An experimental and theoretical programme was undertaken to
measure and predict the attenuation of plane and spiral modes
within a cylindrical and annular duct. The duct was lined with a
partitioned absorber designed to act as a locally reacting surface.
A detailed duct modal theory was evolved for the cylindrical duct
and used to compare with the measured results. A thin annulus .
theory was adopted for the annular duct which made use of an
existing computer programme originally written for the
rectangular duct problem. (Ref 1-3).
The experimental work was conducted using a siren rig and also,
in order to obtain greater detail and reliability, a loudspeaker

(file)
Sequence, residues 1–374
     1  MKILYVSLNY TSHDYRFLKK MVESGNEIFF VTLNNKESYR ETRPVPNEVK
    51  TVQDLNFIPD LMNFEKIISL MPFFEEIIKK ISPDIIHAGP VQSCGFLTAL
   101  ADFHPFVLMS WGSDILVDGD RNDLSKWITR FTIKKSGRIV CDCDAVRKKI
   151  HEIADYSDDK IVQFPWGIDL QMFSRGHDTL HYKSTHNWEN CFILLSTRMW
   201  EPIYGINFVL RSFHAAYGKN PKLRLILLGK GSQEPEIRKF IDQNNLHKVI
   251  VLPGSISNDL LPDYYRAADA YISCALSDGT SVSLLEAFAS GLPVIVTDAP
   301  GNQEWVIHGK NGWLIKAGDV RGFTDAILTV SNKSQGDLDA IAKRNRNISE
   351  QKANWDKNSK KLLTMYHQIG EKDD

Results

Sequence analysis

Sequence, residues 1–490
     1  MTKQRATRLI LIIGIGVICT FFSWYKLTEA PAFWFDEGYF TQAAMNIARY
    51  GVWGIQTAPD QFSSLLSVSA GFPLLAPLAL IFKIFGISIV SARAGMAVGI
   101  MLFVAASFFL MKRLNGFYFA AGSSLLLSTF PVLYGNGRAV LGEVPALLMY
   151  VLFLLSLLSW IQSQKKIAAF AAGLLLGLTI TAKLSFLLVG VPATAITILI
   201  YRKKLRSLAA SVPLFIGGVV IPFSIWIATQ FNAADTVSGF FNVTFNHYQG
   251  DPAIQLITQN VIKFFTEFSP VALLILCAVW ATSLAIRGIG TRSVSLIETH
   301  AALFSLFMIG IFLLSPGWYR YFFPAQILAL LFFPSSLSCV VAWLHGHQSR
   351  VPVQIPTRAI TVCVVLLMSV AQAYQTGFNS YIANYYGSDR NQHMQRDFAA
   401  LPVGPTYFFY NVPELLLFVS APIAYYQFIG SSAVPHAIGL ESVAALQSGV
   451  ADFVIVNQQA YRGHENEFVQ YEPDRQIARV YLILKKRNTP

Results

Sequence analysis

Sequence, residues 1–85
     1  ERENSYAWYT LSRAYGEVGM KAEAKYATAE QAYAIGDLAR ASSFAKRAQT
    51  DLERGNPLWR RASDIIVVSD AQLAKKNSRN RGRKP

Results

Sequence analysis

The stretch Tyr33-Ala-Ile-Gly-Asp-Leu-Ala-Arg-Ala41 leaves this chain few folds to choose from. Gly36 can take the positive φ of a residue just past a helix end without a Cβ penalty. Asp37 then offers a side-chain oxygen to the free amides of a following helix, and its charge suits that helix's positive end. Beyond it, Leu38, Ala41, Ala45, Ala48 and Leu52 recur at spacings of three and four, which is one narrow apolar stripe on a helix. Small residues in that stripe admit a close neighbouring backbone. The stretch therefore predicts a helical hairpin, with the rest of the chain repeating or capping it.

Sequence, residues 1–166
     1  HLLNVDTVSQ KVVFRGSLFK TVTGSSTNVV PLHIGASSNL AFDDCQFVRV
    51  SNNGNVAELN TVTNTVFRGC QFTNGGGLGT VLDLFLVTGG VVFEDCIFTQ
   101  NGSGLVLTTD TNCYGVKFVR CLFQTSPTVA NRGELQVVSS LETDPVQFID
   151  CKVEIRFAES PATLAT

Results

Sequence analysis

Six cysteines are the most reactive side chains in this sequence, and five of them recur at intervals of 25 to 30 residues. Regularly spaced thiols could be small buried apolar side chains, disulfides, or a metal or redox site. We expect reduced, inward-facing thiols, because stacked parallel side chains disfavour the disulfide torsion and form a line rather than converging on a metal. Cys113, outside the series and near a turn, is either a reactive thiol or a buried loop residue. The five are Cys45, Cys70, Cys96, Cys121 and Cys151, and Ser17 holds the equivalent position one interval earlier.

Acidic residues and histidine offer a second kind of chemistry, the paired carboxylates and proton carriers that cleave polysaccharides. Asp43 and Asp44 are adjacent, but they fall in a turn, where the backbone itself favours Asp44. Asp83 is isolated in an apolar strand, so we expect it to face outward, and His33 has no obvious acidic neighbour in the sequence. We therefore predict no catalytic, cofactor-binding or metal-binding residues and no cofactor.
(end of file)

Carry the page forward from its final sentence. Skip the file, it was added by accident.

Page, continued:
rig was built and used extensively for the m = 0 and m = 1 modes.
These results confirm, within the limits of experimental accuracy ..
that the theoretical approach used is a valid one at least under
the prevailing laboratory conditions of zero mean air flow and
low sound pressure levels. Excellent agreem ent was obtained
between theory and experiment for the cylindrical duct. In the
case,-· of the annular duct the comparison was less satisfactory
but prOvided at least qualitative agreem ent.
The principle observed effects are the increase of attenuation
rate with increasing mode number and decreasing cut-off
The thesis is written wit ha. bias towards the problems of the
aero-engine industry and includes a brief account of present
day absorption technology in this field.
A dissertation submitted as a requirement for the degree of MSc (by research).